New for This Year’s Back-to-School Shopping List: Face Masks

Jul 14, 2020

Below the requests for highlighters, colored pencils and glue sticks, past the descriptions of spiral notebooks, two-pocket folders and three-ring binders, is a newly added line on many school supply lists for the 2020-21 academic year—one that illustrates just how much the world has changed since spring.

The new line item goes by “face masks,” “fabric masks,” “cloth masks” or “face coverings.” Whatever term is used, the overall message is clear: Many schools and districts, whether by their own choice or by a decision handed down from the state, will be encouraging—and in some cases requiring—that students and staff wear face masks when they return to their school buildings in the fall.

Hand sanitizer and disinfectant wipes also make frequent appearances on school supply lists for the coming school year, but unlike face masks, those have shown up in years past.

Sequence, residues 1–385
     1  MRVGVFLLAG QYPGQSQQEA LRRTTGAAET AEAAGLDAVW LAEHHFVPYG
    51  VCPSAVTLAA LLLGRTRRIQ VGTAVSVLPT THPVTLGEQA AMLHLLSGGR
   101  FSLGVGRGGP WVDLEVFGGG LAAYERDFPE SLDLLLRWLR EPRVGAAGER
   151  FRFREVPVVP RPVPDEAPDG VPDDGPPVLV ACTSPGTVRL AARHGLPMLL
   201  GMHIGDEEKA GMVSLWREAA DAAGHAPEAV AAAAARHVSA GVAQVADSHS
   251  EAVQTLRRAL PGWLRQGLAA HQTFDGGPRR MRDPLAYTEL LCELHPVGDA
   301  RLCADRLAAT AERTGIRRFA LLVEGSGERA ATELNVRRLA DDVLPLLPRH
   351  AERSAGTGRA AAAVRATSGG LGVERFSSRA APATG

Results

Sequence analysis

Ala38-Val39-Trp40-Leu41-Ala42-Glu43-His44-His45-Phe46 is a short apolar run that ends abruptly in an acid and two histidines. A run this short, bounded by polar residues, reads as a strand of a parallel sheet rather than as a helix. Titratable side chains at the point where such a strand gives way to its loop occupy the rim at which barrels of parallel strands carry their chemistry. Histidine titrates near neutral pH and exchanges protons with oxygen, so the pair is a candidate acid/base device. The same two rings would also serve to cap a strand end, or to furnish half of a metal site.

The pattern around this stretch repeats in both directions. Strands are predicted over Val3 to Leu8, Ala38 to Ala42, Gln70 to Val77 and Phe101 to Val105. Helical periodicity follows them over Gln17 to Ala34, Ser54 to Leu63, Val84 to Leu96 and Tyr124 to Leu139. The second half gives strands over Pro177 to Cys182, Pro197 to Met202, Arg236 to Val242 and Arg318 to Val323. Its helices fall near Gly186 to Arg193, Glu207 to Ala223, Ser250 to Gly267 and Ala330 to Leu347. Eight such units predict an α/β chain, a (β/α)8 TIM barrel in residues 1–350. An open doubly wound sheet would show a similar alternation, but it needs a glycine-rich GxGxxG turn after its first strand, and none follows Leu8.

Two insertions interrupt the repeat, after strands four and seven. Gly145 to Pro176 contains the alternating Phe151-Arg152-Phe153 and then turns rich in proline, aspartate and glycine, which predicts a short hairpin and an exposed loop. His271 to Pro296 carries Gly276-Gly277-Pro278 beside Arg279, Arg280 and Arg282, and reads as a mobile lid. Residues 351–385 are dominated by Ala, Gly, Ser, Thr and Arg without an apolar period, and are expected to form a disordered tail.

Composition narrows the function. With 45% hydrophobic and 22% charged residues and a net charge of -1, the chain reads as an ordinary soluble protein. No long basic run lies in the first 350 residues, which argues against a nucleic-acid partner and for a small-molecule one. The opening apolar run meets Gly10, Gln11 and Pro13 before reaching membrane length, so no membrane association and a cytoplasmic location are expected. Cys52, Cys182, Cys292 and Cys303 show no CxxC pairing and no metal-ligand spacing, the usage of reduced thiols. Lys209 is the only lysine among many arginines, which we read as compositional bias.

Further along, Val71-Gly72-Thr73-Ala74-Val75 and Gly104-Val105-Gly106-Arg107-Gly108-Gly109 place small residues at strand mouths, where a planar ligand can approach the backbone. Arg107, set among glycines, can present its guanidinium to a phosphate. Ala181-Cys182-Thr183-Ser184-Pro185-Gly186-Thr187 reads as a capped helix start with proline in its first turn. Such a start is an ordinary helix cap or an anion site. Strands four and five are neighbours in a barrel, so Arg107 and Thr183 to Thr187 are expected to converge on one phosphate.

At the Starkville Oktibbeha School District in Starkville, Miss., face masks are featured on the school supply lists for every grade at every school in the district, from Pre-K to high school.

The school supply list of an elementary school in the Starkville Oktibbeha School District.

At West Des Moines Community Schools in Iowa, the school supply lists were updated on June 12 to include “an optional reusable face mask,” according to a message on the district website.

The 2020-21 school supply list for fifth graders at West Des Moines Community Schools in Iowa.

At Joplin Schools in Joplin, Mo., all students from kindergarten to 12th grade are asked to bring a face mask with them starting on the first day of school, on Aug. 13. This is also the case for Iowa’s Winterset Community Schools, Ohio’s Marysville Schools and for countless others that plan to re-open their buildings in the fall.

The 2020-21 school supply lists for grades K-5 at Joplin Schools in Missouri.

Despite the polarization that has surrounded mask-wearing in the U.S., the presence of face coverings on school supply lists appears to transcend regional preferences and red state/blue state divisions.